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    Rare lichen is living legacy of World War II commando training

    Scientists have discovered rare ‘fire’ lichen growing on the stumps of trees destroyed by flames in the Scottish Highlands during World War II.


    The Carbonicola anthracophila was discovered by scientists surveying Loch Arkaig Pine Forest near Spean Bridge.  The lichen only grows on charred conifer trees. It has been recorded at three other locations in the UK:  Glen Affric, Glen Quoich and Glen Strathfarrar. 


    British Commandos and Allied Special Forces including the Free French trained at Loch Arkaig during WWII.  During exercises with live ammunition in 1942 forest fire raged across the hillside. Scots pines cooked in their own resin were preserved and still stand like ghost trees across the hillside.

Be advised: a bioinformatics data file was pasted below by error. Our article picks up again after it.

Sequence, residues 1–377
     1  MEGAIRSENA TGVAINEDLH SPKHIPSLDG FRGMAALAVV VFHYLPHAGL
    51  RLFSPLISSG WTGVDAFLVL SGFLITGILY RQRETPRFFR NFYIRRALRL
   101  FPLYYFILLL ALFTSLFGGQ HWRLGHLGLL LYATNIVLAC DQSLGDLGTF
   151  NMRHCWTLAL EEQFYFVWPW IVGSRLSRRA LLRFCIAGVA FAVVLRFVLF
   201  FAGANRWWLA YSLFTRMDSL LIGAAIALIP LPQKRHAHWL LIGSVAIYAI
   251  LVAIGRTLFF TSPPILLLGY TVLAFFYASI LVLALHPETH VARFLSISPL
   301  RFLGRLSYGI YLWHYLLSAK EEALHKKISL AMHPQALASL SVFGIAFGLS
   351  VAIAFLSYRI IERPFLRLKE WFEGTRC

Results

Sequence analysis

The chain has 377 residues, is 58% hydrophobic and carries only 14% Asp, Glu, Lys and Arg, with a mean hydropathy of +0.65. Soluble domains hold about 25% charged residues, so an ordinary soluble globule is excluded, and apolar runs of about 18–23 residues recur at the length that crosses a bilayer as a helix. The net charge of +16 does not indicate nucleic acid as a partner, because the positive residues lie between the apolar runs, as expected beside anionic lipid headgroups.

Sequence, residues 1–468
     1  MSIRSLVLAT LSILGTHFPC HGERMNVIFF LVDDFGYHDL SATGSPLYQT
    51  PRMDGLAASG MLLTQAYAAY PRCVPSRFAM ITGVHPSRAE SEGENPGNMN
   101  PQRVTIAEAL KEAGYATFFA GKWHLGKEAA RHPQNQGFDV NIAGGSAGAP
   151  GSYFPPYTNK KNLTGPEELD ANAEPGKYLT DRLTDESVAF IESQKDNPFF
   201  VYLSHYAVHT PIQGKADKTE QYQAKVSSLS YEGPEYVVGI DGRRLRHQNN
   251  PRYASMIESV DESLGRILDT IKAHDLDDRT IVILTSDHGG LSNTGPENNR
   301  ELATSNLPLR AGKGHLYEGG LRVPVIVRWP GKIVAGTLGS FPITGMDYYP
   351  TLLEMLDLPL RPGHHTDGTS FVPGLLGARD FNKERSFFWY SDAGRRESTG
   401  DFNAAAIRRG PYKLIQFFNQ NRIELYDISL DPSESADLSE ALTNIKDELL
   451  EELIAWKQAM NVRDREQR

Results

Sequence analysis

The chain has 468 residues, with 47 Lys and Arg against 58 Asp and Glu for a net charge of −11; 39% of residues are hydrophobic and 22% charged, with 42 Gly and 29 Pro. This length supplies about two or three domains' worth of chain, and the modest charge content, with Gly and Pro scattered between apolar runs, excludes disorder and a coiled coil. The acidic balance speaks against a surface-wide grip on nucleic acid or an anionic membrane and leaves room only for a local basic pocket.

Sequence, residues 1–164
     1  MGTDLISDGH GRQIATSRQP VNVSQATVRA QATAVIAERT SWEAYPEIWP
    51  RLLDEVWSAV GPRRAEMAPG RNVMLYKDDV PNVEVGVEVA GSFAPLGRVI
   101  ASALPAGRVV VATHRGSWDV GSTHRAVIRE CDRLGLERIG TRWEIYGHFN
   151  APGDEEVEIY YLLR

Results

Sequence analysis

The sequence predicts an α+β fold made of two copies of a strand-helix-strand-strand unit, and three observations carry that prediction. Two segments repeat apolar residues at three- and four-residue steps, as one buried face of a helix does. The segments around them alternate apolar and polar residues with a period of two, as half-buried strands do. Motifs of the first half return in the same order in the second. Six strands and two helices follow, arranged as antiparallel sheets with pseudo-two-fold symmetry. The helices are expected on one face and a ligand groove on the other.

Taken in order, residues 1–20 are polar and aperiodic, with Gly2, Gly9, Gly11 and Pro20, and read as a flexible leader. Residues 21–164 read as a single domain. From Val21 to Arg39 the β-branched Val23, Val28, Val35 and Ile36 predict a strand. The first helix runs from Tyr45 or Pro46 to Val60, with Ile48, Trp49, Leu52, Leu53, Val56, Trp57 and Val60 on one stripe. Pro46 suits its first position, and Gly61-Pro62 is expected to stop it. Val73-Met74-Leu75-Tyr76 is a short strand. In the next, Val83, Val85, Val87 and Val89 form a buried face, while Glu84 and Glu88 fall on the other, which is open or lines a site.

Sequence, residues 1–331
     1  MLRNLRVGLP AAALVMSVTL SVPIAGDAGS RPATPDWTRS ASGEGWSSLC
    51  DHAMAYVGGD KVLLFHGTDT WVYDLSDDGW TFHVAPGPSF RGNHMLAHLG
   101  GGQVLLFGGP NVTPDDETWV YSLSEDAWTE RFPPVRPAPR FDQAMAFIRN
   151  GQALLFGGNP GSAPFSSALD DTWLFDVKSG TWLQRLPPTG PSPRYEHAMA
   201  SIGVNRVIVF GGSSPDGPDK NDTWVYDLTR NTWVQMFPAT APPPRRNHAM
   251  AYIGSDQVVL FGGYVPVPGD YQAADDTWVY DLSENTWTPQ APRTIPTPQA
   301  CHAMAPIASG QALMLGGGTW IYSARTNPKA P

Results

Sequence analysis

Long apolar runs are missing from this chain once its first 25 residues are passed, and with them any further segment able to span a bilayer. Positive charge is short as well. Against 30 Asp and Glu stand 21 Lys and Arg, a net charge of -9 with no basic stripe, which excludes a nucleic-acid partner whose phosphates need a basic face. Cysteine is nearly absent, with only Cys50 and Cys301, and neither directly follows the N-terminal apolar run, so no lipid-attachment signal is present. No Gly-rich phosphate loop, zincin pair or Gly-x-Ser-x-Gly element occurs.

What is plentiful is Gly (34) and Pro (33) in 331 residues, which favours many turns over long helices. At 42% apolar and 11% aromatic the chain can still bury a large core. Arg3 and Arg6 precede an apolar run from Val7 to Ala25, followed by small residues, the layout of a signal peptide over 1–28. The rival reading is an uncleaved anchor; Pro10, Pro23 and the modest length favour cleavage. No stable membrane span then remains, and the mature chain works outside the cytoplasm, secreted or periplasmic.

Seventy-seven years on the ‘fire’ lichen is a living legacy of that blaze. 
    Woodland Trust Scotland bought Loch Arkaig Pine Forest in partnership with local group Arkaig Community Forest at the end of 2016, with support from players of People’s Postcode Lottery.

    The lichen survey was commissioned by experts Andy Acton and Brian Coppins to help inform long-term conservation management at the site.  


    The four-day survey found around 150 different species. In their report the experts said they had only scratched the surface of what the forest might hold. 


    The Carbonicola anthracophila was found on just two tree stumps.
    Andy Acton said: “It was the first time I had seen this particular species so it was particularly exciting for me, but Brian referred to it as a ‘mega tick’ so he was clearly excited too. Brian found it first then the hunt was on for more, and I went on to find it on another stump.”

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